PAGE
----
But we must have a defined playing field and fairness, skill and accuracy must be rewarded as long as we have consistency. If you can’t keep your car completely on the track, leave some room.

Johnny Herbert discusses how drivers used track limits during the Austrian Grand Prix

Use the Chrome browser for a more accessible video player

Johnny Herbert discusses how drivers used track limits during the Austrian Grand Prix

Johnny Herbert discusses how drivers used track limits during the Austrian Grand Prix

It’s the same in parc fermé when the top three were reported to the stewards after the race. It means ‘parc fermé’ until the cars are checked and the drivers are weighed to ensure legality. No one should be there from a team.

Absolutely everyone readily accepts that if their car is a fraction wider, a fraction lighter, or the engine is a fraction larger than the regulations state, then it will be summarily excluded. If the FIA ​​is going through a phase of tightening up all the other regulations then I support it, and saying we should just ignore track limits because it’s annoying doesn’t make any sense. As long as it is consistently applied, and F1 can surely afford the resource to have the tools to clearly define this critical aspect for fans and everyone.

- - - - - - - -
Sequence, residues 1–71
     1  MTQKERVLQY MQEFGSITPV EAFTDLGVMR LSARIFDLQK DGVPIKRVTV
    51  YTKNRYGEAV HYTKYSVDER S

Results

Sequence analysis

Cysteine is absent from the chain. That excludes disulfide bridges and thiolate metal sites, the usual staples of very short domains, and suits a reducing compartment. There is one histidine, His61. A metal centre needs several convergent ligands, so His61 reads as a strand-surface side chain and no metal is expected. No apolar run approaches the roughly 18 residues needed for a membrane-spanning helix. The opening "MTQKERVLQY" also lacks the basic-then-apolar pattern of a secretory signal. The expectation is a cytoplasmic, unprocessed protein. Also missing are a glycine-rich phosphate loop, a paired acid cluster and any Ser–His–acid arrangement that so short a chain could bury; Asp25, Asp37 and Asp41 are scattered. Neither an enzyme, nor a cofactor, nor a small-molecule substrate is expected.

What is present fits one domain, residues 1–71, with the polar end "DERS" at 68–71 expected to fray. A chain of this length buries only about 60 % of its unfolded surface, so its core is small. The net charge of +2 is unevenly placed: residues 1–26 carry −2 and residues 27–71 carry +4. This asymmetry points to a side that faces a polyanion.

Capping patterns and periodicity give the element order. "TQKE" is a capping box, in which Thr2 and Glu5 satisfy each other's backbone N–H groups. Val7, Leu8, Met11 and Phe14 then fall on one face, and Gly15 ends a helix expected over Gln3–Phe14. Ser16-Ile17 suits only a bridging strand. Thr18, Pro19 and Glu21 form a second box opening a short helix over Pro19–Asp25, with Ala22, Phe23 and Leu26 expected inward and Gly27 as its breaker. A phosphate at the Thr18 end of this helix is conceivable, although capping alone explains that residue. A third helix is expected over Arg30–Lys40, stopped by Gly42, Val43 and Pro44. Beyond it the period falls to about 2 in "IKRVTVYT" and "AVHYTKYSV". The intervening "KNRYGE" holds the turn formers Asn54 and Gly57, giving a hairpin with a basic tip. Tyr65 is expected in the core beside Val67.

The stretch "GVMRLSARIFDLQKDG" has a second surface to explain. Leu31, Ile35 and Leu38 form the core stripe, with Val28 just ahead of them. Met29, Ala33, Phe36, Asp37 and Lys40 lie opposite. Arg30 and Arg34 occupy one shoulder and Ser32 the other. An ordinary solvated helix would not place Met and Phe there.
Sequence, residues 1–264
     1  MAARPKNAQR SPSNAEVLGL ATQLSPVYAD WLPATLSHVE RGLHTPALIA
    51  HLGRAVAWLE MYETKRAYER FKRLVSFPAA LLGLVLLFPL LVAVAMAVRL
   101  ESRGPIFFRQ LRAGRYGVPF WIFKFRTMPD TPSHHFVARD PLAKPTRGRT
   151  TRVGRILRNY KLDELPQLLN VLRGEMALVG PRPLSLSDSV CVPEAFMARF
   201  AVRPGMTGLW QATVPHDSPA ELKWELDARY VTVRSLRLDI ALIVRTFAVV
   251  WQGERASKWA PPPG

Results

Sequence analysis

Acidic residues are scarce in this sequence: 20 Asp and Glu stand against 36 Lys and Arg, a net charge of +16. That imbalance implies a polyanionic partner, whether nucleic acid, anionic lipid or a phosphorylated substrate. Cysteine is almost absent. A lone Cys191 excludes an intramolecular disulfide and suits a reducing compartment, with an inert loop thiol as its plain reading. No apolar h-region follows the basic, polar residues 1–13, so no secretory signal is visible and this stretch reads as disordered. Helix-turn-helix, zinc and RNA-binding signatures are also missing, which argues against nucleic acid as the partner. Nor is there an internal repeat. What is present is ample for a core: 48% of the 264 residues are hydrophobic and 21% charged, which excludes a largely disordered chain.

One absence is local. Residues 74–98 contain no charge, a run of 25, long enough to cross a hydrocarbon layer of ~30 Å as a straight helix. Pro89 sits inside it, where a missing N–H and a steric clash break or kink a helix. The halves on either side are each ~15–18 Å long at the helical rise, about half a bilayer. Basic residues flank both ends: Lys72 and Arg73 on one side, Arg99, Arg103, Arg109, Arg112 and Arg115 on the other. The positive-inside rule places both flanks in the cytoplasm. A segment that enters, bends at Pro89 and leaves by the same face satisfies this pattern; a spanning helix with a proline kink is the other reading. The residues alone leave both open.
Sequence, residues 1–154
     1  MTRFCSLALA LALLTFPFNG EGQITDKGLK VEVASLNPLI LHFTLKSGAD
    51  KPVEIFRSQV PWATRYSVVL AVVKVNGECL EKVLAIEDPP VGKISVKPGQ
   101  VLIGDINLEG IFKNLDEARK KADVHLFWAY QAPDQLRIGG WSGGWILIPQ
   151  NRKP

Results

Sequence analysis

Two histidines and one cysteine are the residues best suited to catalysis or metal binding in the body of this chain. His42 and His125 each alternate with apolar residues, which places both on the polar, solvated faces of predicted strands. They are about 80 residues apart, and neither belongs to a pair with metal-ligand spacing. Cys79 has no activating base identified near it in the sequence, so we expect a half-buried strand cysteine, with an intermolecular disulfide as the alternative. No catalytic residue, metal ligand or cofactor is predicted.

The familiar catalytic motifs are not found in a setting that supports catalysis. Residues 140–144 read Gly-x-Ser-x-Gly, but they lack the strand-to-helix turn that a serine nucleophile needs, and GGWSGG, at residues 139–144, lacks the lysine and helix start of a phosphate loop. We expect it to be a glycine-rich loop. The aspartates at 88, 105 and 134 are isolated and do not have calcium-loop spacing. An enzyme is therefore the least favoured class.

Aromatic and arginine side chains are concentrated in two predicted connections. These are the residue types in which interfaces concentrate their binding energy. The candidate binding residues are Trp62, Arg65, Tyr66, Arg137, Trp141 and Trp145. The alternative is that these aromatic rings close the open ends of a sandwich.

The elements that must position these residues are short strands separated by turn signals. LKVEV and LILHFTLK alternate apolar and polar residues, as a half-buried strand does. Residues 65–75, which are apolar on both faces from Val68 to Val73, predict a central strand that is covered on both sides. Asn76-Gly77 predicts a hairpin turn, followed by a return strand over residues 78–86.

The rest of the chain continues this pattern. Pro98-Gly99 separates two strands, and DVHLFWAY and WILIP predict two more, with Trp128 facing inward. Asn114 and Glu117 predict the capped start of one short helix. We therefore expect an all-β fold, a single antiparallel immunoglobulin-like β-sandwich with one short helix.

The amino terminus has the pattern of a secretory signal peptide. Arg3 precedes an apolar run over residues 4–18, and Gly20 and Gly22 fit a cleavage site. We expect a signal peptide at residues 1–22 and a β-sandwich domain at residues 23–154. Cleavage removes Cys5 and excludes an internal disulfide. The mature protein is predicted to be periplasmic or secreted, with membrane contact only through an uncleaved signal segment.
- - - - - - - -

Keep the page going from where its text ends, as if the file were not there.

Mick Schumacher is an interesting case. Until Canada, he seemed to be a solid driver, perhaps a little too nice and quiet, who damaged too many cars. Under pressure, and no doubt after some intense talks with team boss Gunther Steiner, he has come to life and looks much more assertive and confident, and his natural talents are beginning to flow properly. Like any sport at the highest level, it’s mostly about your own headspace.

Sorry if you were listening to our comments around the world and my hoarse voice ruined your enjoyment of the race. By Monday my voice was completely gone, which isn’t smart for a broadcaster, but thankfully there’s no regulation for that at the moment, otherwise I would have gotten a race ban or at least a penalty in the grid for the next Grand Prix.

MEGABYTE

Leave a Comment